a Christmas memory

For today’s post, I thought I’d share a Christmas memory from my younger days. Yes, I get a bit nostalgic during this time of the year, and I can’t help but hink fondly of my childhood, and the magic that Christmas always brought into my life.

   My mother’s family was fairly large. She had five surviving sisters, plus their husbands and children, so our family get-togethers on Christmas Eve tended to be fairly large and more than a little crazy.

   We would all gather at my maternal grandparents’ house, where we had kind of a potluck that always ended up being more of a cookie feast. We would spend about an hour eating great holiday food that, for some reason, never made it to a table at any other time of the year.

   After the social hour was done, we would all load our plates, find a chair, and watch a show put on by the kids. We would play instruments, sing, or act in some Christmas themed mini-play. My mom and her sisters would also sing, and I loved hearing the Christmas carols in five part harmony. Then my grandfather would read the Christmas story from his ancient Bible, and we would all recite the parts we knew from memory.

   Then came the best part – the gift exchange. We drew names for our Christmas Eve gift giving because we were such a large group. But the kids all got a pair of pajamas from grandma and grandpa, and a gift envelope containing five dollars!

   After grandma passed, we continued to meet on Christmas Eve, but divided our gathering between two houses. We started at Aunt Bev and Uncle Walt’s, with cookies, assorted holiday treats, and paper cups of split pea soup or clam chowder. Then we would head over to Aunt Lucile and Uncle Willard’s for the program and the gift exchange.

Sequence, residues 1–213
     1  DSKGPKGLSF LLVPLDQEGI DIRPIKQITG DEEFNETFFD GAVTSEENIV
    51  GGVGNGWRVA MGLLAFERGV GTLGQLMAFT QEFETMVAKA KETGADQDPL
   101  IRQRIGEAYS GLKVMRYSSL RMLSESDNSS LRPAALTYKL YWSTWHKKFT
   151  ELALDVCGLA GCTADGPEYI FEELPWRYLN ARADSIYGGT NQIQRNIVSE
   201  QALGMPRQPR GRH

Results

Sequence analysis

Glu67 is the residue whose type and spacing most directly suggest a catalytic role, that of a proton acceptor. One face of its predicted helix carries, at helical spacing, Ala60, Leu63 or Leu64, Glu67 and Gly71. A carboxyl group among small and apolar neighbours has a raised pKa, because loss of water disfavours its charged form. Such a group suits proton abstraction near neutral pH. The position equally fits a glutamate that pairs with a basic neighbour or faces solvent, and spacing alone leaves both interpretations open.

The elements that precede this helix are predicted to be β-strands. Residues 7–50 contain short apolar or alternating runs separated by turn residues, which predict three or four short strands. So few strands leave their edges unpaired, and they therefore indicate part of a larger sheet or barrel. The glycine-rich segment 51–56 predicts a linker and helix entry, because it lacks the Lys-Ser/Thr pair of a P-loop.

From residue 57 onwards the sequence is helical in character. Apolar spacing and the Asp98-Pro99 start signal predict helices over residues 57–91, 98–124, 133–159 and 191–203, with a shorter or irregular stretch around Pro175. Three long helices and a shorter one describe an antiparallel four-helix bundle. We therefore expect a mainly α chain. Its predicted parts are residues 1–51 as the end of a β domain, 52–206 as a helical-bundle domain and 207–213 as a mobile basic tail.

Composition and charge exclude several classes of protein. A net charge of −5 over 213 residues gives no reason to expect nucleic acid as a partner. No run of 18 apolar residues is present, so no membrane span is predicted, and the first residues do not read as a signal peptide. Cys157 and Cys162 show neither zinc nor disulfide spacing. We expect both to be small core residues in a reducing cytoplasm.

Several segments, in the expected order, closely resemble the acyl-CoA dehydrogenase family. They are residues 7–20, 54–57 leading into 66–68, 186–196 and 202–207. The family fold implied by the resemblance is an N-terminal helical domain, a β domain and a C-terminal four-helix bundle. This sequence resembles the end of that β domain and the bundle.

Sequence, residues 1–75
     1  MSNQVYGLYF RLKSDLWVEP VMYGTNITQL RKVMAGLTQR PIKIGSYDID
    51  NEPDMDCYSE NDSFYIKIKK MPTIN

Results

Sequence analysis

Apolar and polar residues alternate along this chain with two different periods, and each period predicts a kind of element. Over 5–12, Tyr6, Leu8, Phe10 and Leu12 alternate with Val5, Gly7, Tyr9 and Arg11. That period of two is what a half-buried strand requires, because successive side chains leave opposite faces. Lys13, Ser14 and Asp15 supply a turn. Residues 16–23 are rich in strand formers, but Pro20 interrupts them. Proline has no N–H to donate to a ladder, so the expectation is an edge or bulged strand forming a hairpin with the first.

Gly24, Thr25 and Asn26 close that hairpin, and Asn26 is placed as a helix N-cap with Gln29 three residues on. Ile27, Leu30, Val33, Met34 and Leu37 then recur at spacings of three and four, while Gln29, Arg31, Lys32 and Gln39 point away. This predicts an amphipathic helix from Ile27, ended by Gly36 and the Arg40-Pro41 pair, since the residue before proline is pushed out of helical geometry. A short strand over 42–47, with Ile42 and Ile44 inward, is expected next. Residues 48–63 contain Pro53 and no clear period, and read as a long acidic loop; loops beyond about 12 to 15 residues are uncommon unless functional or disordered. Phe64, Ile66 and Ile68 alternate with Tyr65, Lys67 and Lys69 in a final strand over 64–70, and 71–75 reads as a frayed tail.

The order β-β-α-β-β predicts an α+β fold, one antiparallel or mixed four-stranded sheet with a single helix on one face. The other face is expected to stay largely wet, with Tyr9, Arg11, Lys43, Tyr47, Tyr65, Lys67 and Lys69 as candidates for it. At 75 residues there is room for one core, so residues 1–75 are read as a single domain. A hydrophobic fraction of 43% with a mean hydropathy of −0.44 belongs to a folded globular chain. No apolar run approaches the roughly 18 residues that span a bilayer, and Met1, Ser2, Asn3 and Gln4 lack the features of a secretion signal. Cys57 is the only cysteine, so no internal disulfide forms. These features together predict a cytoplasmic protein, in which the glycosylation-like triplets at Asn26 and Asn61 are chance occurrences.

This continued for the next twenty-two years, and ended with the passing of my grandfather. After that, the families no longer met on Christmas Eve, but by that time, the kids were all adults with families of their own.

   This year marks twenty years since the death of my grandfather, and ten since that of my father.  Maybe it’s for that reason that I find myself lost in Christmas past more so than usual. I don’t know. What I do know is that I miss the childish excitement of those Christmas gatherings. I miss filling my clam chowder cup with oyster crackers, and keeping a watchful eye on the table to make sure that I was first in line when the second round of cookies came out. I miss the wide-eyed anticipation of lifting the flap of that little white envelope and seeing Lincoln inside, even though I already knew that he’d be in there, waiting for me. I miss those that we’ve lost, and the sense of family that has faded so much over the years. Above all, I miss the magic that fell with each drifting snowflake, coating my world with a wintry blanket that promised reindeer, and elves, and a treasure trove of gifts that would be traded for the cookies left on the dining room table. I don’t know. I just know that something special died with my grandfather, and whatever it was hasn’t been seen since by these eyes.  


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